📗 For a detailed breakdown of eligible HSA expenses, review IRS Publications 502 and 969 or a list from a health insurance provider like Cigna.

Who Can Open an HSA?

Unfortunately, not everyone is eligible to open an HSA. To qualify, you must have a High Deductible Health Plan (HDHP) that meets specific Internal Revenue Service (IRS) requirements. These include:

  • A minimum deductible of $1,400 for self-only plans and $2,800 for a family plan.
  • A maximum out-of-pocket amount of $7,050 for self-only plans and $14,100 for family plans.
  • The plan can’t provide benefits other than preventive care until you meet your deductible.

In addition, you generally can’t have other health coverage, including Medicare, and no one can be able to claim you as a dependent on their tax return.

⚠️ When you shop for an HDHP on the ACA marketplace, it tells you whether or not it’s eligible for an HSA. Make sure you double-check before committing since you can’t change your mind until the next enrollment period.

How Do HSAs Work?

HSAs work similarly to many other tax-advantaged accounts. You contribute your funds, they grow within your account, and you take them out when you need them. However, some aspects of the process are unique to HSAs. Here’s a more detailed explanation of the mechanics.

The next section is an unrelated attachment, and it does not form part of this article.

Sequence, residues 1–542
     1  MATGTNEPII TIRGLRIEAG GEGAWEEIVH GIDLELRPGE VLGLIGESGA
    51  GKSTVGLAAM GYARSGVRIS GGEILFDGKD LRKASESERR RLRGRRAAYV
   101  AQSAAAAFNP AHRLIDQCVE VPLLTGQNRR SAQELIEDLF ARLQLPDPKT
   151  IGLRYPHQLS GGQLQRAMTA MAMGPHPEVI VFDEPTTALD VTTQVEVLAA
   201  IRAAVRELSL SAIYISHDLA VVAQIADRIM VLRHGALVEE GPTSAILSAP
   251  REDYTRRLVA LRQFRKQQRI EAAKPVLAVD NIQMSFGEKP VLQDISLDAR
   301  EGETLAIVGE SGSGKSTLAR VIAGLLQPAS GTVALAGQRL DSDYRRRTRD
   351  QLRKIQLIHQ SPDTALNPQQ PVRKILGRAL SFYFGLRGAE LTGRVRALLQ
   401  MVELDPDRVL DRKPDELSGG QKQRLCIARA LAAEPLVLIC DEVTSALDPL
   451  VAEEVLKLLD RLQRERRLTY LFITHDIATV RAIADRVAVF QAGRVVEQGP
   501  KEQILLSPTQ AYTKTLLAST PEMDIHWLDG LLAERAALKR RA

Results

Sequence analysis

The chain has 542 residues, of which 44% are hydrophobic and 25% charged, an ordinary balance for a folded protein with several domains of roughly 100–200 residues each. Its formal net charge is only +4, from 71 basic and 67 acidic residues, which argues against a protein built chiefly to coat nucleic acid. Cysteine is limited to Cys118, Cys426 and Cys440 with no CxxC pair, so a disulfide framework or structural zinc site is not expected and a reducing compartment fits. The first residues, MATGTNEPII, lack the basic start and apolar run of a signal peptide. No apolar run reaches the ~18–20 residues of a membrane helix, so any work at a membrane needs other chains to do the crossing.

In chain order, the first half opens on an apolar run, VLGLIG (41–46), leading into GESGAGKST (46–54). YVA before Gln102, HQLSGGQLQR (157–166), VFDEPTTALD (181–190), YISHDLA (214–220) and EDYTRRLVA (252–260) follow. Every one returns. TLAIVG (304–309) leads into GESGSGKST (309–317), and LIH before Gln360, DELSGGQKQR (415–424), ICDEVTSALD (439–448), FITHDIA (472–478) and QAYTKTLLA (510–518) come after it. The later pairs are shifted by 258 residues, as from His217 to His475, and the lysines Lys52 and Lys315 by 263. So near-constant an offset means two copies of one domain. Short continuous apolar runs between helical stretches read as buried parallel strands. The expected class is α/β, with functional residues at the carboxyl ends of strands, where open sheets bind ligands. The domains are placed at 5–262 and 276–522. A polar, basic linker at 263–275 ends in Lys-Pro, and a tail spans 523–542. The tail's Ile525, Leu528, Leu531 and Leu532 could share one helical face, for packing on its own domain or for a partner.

Setting Up an Account

If you’re an employee and get an HSA-eligible HDHP through your company, they may offer you an HSA too. If you don’t like its terms or are self-employed, you can also open an HSA independently.

The HSA Search tool lets you compare hundreds of providers. To find the best option for you, review each account’s fees, investment options, and various features. For example, some HSAs don’t let you spend the funds in them directly.

Contributions

If your HDHP has self-only coverage, you can contribute $3,650 per year to your HSA. If your HDHP also covers one or more family members, you can contribute $7,300 per year. In both cases, people over 55 get an additional $1,000 catch-up contribution.